Chinese Language and Culture: Brae Troutman
Brae Troutman always knew that he wanted to pursue a Chinese language when coming to Wake Forest, but did not expect to also develop a deep passion for another discipline — computer science.
“Coming to Wake [Forest] initially, I only wanted to major in Chinese,” Troutman said. “I came in and I thought that I would really like to teach English overseas. I came in and took an intro to computer science course for quantitative reasoning and I realized that I was really passionate about and interested in computer science for the same reason that I was interested in Chinese — this aspect of communication.”
Because he was able to draw upon the different characteristics of his Chinese studies, Troutman noted the importance of connecting to people and communication and how learning another language has helped him to grow as a person.
Troutman notes that having “a cultural understanding and the ability to engage with another culture and speak another language allowed the ability to be more empathetic to connect with people in ways that I would not be able to if I was monolingual.”
When reflecting on his time at Wake Forest, Troutman recalls fondly two particular experiences — a course and a teaching opportunity.
“One of the best experiences I’ve had with my major was in Business Chinese – I really got an opportunity to have intersectionality between my two majors where I gave a ten-minute presentation in Chinese on the future of cloud computing in China,” Troutman said.
Troutman continues: “In a fourth year Chinese course, I got to engage with students at Durham academy — who were taking Chinese [classes] — and we got to go beyond being learners of Chinese to being able to help and tutor students who were learning the language at a level below what we had just achieved.”
Outside of his many academic pursuits, Troutman enjoys occupying his time with the different art spaces on campus — whether that be music or visual art.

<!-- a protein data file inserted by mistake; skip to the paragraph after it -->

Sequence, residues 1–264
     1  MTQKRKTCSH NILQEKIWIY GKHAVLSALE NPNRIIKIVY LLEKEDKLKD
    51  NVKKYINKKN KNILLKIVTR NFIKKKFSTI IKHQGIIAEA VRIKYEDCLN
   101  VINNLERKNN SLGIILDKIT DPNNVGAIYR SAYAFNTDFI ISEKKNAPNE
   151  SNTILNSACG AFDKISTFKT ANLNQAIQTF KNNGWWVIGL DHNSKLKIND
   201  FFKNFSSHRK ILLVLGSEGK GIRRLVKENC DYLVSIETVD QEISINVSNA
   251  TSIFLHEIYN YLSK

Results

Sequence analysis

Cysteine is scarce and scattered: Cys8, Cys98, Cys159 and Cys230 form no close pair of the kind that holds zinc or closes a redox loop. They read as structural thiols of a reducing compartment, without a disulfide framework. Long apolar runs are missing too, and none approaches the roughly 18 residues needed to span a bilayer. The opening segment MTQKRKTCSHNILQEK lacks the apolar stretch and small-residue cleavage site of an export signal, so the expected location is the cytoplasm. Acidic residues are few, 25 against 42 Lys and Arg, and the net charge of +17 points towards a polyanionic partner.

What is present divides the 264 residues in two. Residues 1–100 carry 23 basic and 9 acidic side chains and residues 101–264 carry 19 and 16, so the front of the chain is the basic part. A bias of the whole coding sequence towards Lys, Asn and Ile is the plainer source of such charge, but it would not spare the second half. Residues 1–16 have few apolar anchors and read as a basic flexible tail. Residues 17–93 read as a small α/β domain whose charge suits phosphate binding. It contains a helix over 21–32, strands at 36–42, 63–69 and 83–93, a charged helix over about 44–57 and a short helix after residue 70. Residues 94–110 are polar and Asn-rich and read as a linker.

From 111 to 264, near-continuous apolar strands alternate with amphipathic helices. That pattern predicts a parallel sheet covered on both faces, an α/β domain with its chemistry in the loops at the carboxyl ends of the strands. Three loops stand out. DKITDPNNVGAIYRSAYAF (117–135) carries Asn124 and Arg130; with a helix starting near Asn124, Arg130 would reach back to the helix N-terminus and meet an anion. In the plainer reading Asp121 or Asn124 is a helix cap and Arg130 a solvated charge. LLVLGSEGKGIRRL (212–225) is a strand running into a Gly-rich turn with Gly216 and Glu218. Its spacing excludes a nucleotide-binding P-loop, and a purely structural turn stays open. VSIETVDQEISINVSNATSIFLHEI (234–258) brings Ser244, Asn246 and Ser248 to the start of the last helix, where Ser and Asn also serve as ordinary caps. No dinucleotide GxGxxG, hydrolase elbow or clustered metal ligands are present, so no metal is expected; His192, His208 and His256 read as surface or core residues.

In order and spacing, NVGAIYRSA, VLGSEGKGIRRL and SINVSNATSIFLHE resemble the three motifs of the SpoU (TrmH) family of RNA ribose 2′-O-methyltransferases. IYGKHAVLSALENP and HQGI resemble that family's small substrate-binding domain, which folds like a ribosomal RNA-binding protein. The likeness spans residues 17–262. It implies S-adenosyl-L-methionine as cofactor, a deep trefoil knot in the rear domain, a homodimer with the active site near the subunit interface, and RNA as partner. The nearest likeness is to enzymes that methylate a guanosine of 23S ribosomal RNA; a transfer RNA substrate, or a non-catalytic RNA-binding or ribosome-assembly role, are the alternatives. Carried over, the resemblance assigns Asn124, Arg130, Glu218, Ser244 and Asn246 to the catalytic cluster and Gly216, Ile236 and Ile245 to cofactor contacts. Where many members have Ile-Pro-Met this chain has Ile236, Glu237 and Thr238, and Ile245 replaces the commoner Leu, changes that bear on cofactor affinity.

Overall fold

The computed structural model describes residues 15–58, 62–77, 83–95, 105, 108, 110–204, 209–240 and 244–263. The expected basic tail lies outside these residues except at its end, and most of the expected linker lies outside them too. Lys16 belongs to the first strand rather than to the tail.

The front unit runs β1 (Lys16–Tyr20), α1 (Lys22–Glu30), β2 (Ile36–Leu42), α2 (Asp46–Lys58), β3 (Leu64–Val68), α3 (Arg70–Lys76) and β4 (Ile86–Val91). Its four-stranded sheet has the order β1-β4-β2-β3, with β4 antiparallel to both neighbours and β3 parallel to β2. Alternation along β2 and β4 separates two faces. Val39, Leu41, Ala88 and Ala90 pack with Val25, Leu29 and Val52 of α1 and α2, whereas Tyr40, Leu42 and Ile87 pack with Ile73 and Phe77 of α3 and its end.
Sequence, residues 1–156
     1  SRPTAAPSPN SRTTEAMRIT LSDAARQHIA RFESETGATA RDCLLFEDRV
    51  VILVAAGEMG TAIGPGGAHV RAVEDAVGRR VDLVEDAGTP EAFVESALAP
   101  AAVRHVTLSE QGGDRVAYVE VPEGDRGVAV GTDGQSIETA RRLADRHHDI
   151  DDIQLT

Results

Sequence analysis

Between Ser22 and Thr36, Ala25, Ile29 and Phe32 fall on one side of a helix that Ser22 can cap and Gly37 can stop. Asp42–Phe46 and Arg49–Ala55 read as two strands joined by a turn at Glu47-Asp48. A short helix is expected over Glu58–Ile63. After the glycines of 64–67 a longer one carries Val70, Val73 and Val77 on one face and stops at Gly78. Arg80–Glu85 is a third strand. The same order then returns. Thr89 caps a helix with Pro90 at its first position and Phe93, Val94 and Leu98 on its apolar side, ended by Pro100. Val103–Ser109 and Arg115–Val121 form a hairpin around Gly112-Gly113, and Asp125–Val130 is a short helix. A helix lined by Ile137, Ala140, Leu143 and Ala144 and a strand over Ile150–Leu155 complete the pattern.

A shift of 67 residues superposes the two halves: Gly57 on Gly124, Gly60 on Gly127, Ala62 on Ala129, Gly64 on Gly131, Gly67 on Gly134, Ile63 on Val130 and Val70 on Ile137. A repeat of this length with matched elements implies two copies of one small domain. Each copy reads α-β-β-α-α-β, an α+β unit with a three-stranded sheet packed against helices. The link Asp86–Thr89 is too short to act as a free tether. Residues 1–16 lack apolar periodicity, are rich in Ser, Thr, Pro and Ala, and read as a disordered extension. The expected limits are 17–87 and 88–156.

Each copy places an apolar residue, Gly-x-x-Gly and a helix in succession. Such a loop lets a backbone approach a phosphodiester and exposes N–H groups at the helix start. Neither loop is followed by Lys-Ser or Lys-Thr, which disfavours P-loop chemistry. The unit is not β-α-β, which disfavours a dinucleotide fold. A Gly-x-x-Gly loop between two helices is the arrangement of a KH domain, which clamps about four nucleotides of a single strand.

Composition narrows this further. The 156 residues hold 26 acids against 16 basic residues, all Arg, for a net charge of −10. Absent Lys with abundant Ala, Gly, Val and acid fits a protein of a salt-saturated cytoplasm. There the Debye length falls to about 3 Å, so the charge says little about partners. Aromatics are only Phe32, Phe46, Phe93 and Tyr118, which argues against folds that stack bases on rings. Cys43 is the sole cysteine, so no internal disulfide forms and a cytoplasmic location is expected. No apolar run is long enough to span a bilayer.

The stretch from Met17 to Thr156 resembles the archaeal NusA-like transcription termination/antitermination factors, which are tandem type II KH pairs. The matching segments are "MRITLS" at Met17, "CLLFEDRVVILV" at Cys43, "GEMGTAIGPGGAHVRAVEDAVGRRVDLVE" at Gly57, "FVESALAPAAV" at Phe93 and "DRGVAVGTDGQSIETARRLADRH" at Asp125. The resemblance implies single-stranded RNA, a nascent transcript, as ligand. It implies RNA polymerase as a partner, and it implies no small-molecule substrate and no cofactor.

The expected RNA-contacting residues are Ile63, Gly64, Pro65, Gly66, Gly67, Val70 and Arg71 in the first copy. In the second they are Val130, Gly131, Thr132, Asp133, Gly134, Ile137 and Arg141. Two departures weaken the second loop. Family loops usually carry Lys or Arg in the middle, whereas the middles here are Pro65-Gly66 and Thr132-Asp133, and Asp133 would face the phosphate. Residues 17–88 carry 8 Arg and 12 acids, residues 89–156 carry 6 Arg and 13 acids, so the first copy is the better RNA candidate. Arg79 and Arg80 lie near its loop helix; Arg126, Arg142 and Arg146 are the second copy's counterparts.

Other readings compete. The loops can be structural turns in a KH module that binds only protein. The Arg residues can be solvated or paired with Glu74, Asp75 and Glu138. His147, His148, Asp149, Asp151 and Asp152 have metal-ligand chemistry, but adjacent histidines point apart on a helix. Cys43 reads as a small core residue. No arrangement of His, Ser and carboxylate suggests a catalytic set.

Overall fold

“I’m also involved with an acapella group on campus. I’m in Innuendo, a co-ed acapella group,” Troutman said. “I’ve been involved with various art space activities — which is always something that I really enjoy engaging with.”
These extracurricular activities hold together Troutman’s passion and interest in his studies. The idea of communication is prevalent in almost every aspect of Troutman’s life in various forms.
“The things that I really like to engage with on campus are these aspects of communication,” Troutman said. “Music and arts are a way of connecting and communicating emotionally, language is [communicating] ideas and computer science is communicating information. I find that that connection is the way that I engage the most.”
Dr. Andrew Rodekhor speaks on Troutman’s enthusiasm towards the discipline and engagement with the content: “Brae has been a wonderful part of my classes and the department over the last several years.”
Rodekhor continued: “He is always willing to answer challenging questions about the material, responds to his classmates’ points, and generates great discussions with his questions. His video essays that he made for my courses (on the history of classical music in the PRC, and on the Japanese anime film Paprika) have become models that I show to my classes for inspiration. Brae’s thesis project explores the networks of queer activism in the PRC that are built through and sustained by documentary filmmaking. His research on the creation of community while subject to political surveillance, censorship, and erasure is vital and fascinating.”
Currently, Troutman is pursuing a joint M.S./B.S. program. “I am taking some grad level [courses] in Computer Science and next year I’ll finish up and get my master’s degree in Computer Science,” he said.
Troutman is excited to put his two disciplines of studies together in his future and is prepared for a career combining elements of all that he has learned — with hopes that he will be able to engage with Chinese culture in-person. All of his study abroad efforts were halted due to the COVID-19 pandemic.
“This summer I will be working at Red Hat — a Charlotte-based, global open source company,” Troutman said. “I’ll get to engage beyond American culture and will engage with cultures and employees around the world.”